Friday, June 25, 2010

When Kids Cry-bump bump, bump bump

There he was, on my television screen, all smiles as only a seven or eight old can be; so happy his favorite team had scored a run in the twelfth inning of a rare college pitchers’ duel where double digit scores are not uncommon, especially deep into the brackets of a double-elimination series. He was so happy. I couldn’t help but think back to my earliest memory of being a Gamecock fan. It was at the 1977 College World Series and I was eight years old. I do not know why I was so interested as sports were not a big thing with my parents, and neither of them had any special interest in the University of South Carolina or its athletics. Maybe it was because I had started playing baseball the year before, and I saw a future for myself in the exploits of what must have looked like grown men to me at the time. In the opening game against Baylor, Chuck McLean hit a ball deep. I clearly remember him approaching third and blowing through the stop sign to make it all the way home for an inside the park home run to win the game. Now that is excitement for a kid. I remember being so happy; Just like that little kid in the Oklahoma cap. That’s when I said it. Out loud. “I want to see that kid crying in thirty minutes.”

A Carolina fan is sure it is going to go wrong in a tight game. Tanner is going to order a bunt, the batter is going to pop it up, and the rally will be killed. The best hitter on the team is going to go 0-5 and strike out looking to end the game. A freshman is going to be called on to pitch and allow a home run to win the game for the Sooners. Well, a lot of that happened last night. I am rapidly losing my affection for the bunt as a valid baseball tool. Argue it all you want, but someone will make one that makes just as much sense as yours, if not more. I know the desire to get the runner into scoring position, but with Tanner’s long-standing Earl Weaverian ways, it is shocking to see him call for so many bunts, and then numbing to see so many attempts go awry. I am convinced selective memory plays a part in this. “It worked against Auburn in 2004, so it should work again.”

So, when the freshman gave up the home run, and Marzilli went 0-2 on two bunt attempts and then popped out, and the best hitter came up for his sixth at-bat on the tail end of an !OH FOR FIVE! Night, it would be natural for the Carolina fan to turn away from the TV and decide how much they really wanted to pull for Clemson the beat OU and make it to the finals. Selective memory plays a part here as well because I know you remember that time that USC lost the game because that great hitter struck out looking after being up 3-0 in the count and the wind was blowing out and there were five guys on base because the umps wouldn’t let the runners cross the plate because the ACC still has a conspiracy against the Gamecocks because they are still mad Lew Alcindor was supposed to come to USC so they screwed us on that deal too and told him he wouldn’t be accepted in Columbia which is so untrue it’s not even funny because we would have embraced him as soon as he led us to a national championship which would have changed the entire fortune of all the programs and we wouldn’t be reduced to only being able to give the ladies track team a standing ovation every time they are mentioned which isn’t a bad thing because those girls were fast and smokin’ and I think there is an equestrian championship as well, but that may not even be an NCAA recognized event so we just usually lean forward in our chairs and get most of our butts off the seat to clap before realizing the horses probably did most of the work anyway and the team just sat on them so it’s probably OK for us to sit and clap for them, but if those horses were there by gosh, those beasts would get a standing O plus an apple or some other delicious treat that was handy, but then we remembered the batter did strike out and the Gamecocks lost yet another close one and we felt bad about it, but how bad could we really feel knowing another tough one was bound to come along sooner and later?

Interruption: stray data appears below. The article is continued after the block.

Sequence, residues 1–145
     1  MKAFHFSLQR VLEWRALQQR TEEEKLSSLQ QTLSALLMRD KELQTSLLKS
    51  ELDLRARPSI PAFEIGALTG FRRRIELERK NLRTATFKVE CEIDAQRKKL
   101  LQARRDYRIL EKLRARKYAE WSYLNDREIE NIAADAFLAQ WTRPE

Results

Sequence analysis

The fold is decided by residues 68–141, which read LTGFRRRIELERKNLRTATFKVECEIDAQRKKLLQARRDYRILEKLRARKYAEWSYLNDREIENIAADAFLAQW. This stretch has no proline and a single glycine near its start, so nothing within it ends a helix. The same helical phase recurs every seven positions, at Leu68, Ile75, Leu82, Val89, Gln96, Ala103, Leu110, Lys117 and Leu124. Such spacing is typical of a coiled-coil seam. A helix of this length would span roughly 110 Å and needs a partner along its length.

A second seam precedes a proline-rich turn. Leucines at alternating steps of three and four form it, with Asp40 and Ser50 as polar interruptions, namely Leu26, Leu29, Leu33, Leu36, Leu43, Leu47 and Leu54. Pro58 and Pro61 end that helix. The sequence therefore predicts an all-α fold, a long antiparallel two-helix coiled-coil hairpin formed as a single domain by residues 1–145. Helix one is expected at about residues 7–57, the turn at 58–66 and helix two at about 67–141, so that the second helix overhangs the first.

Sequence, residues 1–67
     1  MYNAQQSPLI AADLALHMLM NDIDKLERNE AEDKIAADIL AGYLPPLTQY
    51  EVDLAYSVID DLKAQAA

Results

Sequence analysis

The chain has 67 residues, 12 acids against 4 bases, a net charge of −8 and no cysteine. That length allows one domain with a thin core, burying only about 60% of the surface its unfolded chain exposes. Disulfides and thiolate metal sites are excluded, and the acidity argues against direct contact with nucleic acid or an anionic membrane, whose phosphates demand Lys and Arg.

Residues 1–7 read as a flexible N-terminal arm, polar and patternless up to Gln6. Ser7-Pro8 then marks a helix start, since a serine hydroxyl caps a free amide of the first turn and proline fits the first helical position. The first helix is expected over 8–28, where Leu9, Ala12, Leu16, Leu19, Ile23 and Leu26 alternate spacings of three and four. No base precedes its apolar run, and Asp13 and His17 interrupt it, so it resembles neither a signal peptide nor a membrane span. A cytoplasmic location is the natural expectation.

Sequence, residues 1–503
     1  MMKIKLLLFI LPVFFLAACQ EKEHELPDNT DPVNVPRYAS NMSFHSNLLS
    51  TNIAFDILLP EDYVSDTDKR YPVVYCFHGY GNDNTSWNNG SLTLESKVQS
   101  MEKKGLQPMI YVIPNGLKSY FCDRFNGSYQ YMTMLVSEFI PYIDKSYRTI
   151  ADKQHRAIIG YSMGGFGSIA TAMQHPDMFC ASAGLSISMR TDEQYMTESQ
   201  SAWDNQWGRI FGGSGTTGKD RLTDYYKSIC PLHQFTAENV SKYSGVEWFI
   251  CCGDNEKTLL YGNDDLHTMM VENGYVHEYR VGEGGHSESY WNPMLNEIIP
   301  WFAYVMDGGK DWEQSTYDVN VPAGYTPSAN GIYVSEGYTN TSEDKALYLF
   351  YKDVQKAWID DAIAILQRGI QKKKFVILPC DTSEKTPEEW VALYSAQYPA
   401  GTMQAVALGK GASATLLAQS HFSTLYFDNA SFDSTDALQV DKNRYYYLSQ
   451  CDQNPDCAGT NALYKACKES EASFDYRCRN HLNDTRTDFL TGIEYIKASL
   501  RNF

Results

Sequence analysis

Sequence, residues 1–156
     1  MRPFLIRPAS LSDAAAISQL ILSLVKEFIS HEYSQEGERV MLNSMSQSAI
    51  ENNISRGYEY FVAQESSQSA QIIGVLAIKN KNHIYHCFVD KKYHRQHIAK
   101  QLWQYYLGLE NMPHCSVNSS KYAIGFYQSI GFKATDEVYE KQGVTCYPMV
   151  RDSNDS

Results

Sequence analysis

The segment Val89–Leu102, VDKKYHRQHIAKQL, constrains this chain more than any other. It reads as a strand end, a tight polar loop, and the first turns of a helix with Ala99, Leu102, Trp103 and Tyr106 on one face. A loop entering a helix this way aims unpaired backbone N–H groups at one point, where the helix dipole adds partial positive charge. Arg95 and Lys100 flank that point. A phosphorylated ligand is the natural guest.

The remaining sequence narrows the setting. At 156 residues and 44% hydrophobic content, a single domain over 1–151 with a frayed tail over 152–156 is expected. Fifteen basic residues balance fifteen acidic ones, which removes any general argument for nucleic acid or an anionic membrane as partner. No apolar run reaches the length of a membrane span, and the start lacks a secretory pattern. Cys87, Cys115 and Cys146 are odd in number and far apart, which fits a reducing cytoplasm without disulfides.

But this time we remembered: That was Jackie Bradley Junior at the plate and 0-5 be damned. This kid can hit. He wasn’t even sweating in the Omaha heat like the rest of us back in Columbia. He was cool man, cool, and took the count full for drama before smacking in the tying run in the form of Robert Beary who is my new hero because he bats Vlad Guerro style with no gloves. If Ted Williams didn’t need them, why does anybody on the Pirates? Would Williams have hit .500 in ’41 if he had worn them or would he have been beaned for being a glove-wearing dandy? Damn it, Jackie Bradley Junior, you are one awesome cat and up there with Francisco Cabrera in my book, big man, with that game tying hit. But wait, let’s send up Brady Thomas after a walk from the rattled OU pitcher . Thomas is the kid who is playing because the other kid who hit a million home runs last year was ineligible to play early this season and hasn’t been able to get his groove back since. Brady didn’t have time for the drama and took the first pitch he saw in the twelfth straight back up the middle to make his night a 1-6 one as well to knock in Jackie Bradley Junior who was able to make it even with the stumble around third caused by a conspiracy of turf specialists still mad at Carolina for having artificial turf in the football stadium in the 70’s.

It ended right there, 3-2 Gamecocks and I smiled. They didn’t show the kid. I would have been sad if they had. Then, I would have remembered he will grow up a Sooner fan and will feel entitled to a national championship in football every three or four years at least. Then, I would have smiled again and thought, “We’ve got Jackie Bradley Junior. We’ve still got a chance.”


Gamecock said...

Helluva game. Now we need to replicate 2002.

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